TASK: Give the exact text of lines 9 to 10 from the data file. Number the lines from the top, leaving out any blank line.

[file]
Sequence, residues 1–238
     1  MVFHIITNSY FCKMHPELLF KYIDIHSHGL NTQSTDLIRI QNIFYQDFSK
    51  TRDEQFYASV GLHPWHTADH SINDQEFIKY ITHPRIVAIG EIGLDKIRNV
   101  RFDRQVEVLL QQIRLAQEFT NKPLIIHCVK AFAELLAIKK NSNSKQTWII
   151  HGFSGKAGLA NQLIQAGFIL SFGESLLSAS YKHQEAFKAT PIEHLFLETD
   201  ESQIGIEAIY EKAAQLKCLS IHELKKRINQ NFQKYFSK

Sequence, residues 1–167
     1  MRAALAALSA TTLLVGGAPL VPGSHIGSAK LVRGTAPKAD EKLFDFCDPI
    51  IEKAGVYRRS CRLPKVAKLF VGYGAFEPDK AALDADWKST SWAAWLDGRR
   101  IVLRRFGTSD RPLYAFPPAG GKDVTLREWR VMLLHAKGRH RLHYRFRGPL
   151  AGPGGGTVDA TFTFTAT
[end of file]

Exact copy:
    51  IEKAGVYRRS CRLPKVAKLF VGYGAFEPDK AALDADWKST SWAAWLDGRR
   101  IVLRRFGTSD RPLYAFPPAG GKDVTLREWR VMLLHAKGRH RLHYRFRGPL